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Marine Ecology Progress Series

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MEPS 290:145-163 (2005)  -  doi:10.3354/meps290145

Spatial and temporal variation in statolith and protoconch trace elements as natural tags to track larval dispersal

Danielle C. Zacherl*

Department of Ecology, Evolution and Marine Biology, University of California, Santa Barbara, California 93106, USA
Present address: Department of Biological Science, PO Box 6850, California State University Fullerton, California 92834-6850, US

ABSTRACT: Trace elements in larval hard parts may serve as useful tags of natal origin in invertebrate population studies. Using field-collected encapsulated veliger larvae of the marine gastropod Kelletia kelletii, this study examined the extent of spatial and temporal variation in the elemental composition of larval parts formed at the natal source. For both protoconchs and statoliths, results of multivariate analyses of variance (MANOVA) indicated that the elemental compositions show significant among-site and among-region differences. Linear discriminant-function analysis (DFA) correctly classified 89% of protoconchs and 80% of statoliths to their region of formation. However, there were significant interannual differences in elemental composition for statoliths at 2 sites and for protoconchs at 3 sites over a 3 yr period. Despite within-site interannual differences, the elemental compositions of hard parts formed during different years resembled one another to such a degree that a DFA generated with a single year’s data could correctly predict the region of formation for 83.9% of statoliths and 82.5% of protoconchs formed in other years. A comparison of magnesium (Mg), strontium (Sr) and barium (Ba) incorporation patterns with per-site temperature profiles indicated statistically significant positive relationships between temperature and Mg and Sr incorporation into protoconchs, and inverse relationships between temperature and Sr (statoliths) and Ba (both protoconchs and statoliths) incorporation. These data, together with results from other studies, suggest that larval statoliths and protoconchs can meaningfully record variation in the physical and chemical properties of seawater and, hence, have potential as natural tags of natal origin.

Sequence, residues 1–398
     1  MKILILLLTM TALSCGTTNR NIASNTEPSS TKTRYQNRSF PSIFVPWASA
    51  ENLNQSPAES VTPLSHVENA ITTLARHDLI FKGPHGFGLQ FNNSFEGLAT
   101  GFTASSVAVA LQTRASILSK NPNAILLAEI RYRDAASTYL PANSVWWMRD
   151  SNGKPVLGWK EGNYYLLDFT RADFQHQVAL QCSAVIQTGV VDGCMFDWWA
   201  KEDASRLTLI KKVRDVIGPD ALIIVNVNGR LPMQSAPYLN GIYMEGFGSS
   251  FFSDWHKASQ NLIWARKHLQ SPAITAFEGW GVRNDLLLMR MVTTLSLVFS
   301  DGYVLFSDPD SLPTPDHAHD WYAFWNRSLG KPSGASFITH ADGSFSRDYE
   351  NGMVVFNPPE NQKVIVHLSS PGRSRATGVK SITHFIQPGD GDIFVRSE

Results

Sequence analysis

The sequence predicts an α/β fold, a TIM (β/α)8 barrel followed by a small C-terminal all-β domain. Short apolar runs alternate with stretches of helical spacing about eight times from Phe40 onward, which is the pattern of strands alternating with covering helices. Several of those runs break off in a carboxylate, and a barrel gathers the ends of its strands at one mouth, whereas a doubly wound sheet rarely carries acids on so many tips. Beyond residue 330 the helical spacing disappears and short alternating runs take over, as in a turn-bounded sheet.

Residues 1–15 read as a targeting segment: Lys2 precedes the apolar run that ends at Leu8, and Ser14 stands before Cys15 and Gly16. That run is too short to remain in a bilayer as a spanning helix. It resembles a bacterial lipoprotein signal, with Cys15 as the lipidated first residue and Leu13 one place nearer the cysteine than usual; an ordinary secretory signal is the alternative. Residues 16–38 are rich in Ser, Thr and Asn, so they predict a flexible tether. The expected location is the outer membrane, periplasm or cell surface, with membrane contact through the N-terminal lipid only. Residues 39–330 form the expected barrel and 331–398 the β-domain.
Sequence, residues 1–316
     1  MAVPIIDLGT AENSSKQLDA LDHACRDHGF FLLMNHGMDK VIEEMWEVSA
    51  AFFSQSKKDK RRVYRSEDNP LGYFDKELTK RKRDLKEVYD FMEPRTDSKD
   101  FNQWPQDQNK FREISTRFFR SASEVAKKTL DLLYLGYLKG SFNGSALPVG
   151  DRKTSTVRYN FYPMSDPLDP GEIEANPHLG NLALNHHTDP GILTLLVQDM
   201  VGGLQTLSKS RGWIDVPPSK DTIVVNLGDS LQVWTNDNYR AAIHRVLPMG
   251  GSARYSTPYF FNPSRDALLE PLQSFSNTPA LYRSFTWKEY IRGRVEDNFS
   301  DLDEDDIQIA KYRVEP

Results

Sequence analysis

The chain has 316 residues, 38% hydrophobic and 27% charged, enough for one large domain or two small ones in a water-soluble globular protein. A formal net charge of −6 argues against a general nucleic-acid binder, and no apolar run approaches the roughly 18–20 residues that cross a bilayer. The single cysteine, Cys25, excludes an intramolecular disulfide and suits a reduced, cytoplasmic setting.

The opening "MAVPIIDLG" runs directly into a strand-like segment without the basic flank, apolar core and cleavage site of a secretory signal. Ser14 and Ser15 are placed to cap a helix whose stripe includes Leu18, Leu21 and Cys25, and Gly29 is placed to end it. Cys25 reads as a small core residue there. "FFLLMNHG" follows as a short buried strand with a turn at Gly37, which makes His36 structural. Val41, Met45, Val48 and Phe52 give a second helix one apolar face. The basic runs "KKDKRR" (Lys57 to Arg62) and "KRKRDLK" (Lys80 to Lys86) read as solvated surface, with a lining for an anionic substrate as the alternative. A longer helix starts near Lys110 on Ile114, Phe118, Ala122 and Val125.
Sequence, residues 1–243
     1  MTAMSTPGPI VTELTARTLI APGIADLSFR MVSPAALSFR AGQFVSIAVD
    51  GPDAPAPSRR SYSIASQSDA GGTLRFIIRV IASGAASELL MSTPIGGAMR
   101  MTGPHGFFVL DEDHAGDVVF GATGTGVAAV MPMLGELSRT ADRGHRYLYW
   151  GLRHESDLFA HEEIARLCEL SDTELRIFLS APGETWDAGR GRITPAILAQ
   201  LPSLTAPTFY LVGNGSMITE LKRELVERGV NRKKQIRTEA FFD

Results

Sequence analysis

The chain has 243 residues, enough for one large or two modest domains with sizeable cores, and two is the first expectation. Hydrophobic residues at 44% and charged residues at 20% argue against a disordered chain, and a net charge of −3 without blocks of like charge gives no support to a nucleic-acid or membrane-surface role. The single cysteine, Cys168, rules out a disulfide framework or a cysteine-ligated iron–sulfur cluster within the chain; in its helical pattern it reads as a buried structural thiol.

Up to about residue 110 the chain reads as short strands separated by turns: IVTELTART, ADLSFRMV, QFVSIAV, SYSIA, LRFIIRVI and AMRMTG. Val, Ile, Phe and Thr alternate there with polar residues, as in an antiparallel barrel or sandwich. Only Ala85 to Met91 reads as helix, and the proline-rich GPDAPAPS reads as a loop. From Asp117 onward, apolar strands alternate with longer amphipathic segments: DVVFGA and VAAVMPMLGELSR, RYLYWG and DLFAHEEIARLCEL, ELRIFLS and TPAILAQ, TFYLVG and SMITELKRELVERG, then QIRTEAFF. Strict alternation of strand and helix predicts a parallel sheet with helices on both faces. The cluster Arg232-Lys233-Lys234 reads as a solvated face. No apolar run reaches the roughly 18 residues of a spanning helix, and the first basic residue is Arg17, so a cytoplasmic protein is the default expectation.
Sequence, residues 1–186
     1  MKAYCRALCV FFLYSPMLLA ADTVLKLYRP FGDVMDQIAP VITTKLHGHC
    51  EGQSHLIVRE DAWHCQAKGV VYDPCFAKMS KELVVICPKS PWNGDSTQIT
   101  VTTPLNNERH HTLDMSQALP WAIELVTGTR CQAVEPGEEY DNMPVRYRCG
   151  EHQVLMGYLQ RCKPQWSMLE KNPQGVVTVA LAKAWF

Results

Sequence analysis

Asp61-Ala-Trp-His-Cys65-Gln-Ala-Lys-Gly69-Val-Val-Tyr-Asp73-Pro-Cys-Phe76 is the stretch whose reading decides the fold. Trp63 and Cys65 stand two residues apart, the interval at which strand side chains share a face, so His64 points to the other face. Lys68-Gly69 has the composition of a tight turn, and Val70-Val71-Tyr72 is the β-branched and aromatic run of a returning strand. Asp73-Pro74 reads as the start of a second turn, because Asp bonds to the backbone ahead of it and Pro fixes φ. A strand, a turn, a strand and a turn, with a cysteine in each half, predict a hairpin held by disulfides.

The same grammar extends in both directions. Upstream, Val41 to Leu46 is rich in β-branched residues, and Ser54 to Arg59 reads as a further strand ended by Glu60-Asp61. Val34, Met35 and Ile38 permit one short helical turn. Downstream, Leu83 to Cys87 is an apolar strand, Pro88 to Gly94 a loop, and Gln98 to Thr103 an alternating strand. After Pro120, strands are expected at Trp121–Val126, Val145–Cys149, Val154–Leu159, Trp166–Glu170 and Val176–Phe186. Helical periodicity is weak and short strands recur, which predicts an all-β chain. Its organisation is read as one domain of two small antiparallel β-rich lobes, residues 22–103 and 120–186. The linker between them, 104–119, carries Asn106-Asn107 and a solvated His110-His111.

KEY WORDS: Protoconch · Kelletia kelletii · Larvae · Statolith · Trace elements · LA ICP-MS · Dispersal

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